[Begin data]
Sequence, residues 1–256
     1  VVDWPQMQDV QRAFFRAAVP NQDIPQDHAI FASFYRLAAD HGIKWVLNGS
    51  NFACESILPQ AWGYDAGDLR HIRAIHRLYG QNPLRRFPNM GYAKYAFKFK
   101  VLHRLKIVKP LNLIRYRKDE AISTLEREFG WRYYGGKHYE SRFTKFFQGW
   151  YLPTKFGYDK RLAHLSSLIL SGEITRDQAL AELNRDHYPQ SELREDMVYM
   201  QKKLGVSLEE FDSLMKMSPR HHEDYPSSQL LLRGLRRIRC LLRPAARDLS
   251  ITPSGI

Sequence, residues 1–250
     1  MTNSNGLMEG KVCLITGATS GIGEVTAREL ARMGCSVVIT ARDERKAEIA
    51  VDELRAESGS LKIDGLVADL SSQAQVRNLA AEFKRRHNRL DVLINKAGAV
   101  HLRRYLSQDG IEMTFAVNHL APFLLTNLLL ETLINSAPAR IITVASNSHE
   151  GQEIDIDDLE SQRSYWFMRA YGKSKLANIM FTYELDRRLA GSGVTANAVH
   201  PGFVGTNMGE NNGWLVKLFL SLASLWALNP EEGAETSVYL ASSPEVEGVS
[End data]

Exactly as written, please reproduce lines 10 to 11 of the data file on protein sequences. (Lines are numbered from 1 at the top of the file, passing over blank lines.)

    51  VDELRAESGS LKIDGLVADL SSQAQVRNLA AEFKRRHNRL DVLINKAGAV
   101  HLRRYLSQDG IEMTFAVNHL APFLLTNLLL ETLINSAPAR IITVASNSHE